### 1.3. Baseline subtraction

• Before proceeding the baseline must be subtracted by pressing the [Auto Basel.] in the main window.

After baseline subtraction the chromatogram should look like in Figure 1.3.

### 1.4. Peak region detection

• The next thing you have to do is to detect the peaks in the chromatogram. Press [Detect] in the main window and the Peaks window shown in Figure 1.4 will open.
• Use the threshold slider to adjust the threshold line so that it is well above the baseline, but covers all peaks (see figure 1.4). You can also adjust the threshold by clicking on the red line.
• Thereafter press [Detect].
• Inspect all peaks. You can zoom in on a peak by clicking on it and thereafter pressing [()] followed by [+] on the zoom line under the chromatogram. You can navigate through the chromatogram by the slider on the zoom line or by the [<] and [>] buttons down in the right corner.
• If you are not satisfied with a peak region you can edit it by right-click on the rectangle marking the peak area or by clicking on the red vertical lines that mark the selected peak region.
• When all peaks are ok you zoom out by [-], press [Lock all] and thereafter [Accept].

### 1.5 Quantification

• After detection the peaks must be quantified. In this case the sample is a reference mixture where all peaks are resolved. The peaks can therefore be quantified by pressing the [All Single] button.
• Press [Close] when the last peak has been quantified.
• Press thereafter [Results] in the main window.

### 1.6. Identification and reporting

The results window is shown in Figure 1.6. .The first thing you have to do is to calculate retention indices for the peaks. The retention indices for fatty acid methyl esters are equivalent chain lengths (ECL).

• The calibrations are stored in the method. Select the calibration Tut-1_cal among the stored calibrations. Press thereafter the [Use Sel.] to activate the selected calibration.
• Press [Calc. RI] to calculate retention indices for the compounds in the mixture. By selecting “Ret. Index” as label you can view the retention indices for each peak. The ECL scale uses the saturated FAMEs as calibration compounds. The saturated FAMEs 12:0, 14:0, 15:0, 16:0, 17:0, 18:0, 20:0, 22:0, 23:0 and 24:0 should have ECL values close to integer values corresponding to the number of double bonds in the fatty acid chain. You can also choose to use retention index as x-axis instead of retention time by selecting the scale on the zoom line.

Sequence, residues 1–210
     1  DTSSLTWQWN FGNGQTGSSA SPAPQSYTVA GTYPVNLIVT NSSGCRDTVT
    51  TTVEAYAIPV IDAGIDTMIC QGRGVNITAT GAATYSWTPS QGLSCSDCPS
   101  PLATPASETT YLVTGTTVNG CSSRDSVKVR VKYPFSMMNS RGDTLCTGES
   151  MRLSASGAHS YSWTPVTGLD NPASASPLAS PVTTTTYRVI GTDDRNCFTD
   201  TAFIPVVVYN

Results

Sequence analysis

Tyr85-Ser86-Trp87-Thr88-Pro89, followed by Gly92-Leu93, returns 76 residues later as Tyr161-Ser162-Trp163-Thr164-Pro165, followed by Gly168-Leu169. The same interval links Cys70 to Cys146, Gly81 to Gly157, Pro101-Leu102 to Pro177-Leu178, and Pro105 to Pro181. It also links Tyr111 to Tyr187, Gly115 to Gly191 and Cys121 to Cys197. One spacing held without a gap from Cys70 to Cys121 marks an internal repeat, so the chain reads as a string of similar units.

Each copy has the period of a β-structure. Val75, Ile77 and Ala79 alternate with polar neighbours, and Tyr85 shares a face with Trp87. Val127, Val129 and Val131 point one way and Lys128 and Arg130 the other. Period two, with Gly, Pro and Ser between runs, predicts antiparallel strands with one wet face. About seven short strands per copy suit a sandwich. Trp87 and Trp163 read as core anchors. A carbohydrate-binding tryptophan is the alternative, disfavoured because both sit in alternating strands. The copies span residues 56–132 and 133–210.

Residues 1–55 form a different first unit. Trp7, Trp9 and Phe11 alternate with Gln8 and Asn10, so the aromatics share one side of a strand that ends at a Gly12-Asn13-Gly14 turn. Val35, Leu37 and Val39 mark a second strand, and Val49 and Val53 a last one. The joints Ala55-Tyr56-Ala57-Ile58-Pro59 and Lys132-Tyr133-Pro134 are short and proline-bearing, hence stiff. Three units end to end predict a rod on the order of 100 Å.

• When retention indices are calculated it is time to identify the compounds. First press [Settings] on the library line. Verify that Z_BP-20 is selected as search library. You can also add HI-2009 if it is available. Check that Gaussian function is selected under Match retention and that the interval is set to 0.9. Press thereafter [Close] and the libraries will be loaded to the memory.
• Select the first peak, either by clicking on it or by using the arrow-buttons [<] and [>]. This will show the mass spectrum of the compound.
• Press [Search Lib] to search the library. This will take you to the Identify window shown in Figure 1.7. The figure shows the results for the third peak (14:1 n-5).

The compound list shows the 40 best matches from the library. The correlation plot shows similarity between the spectrum from the chromatogram and the library spectra. Ideally, all masses should be near the diagonal blue line.

The match plot shows calculated scores for the compounds in the compound list in decreasing order. Compounds with the same identity as the spectrum selected in the list (the one with highest score by default) are shown in red. Other compounds are shown in blue. For a reliable identification the situation should be similar to the one shown in the figure, where all the best matches have the same identity, there is a clear difference to the next compound and the best matches are above the threshold value marked by the green field.

The info box show additional info, such as the difference in retention indices and the source of the matching compound. In the list of search parameters you can set how the library search should be performed, for instance if and how retention indices should be used. By selecting Exclude instead of Gaussian funct. you can see the effect of omitting the retention indices and match the compounds using only spectra.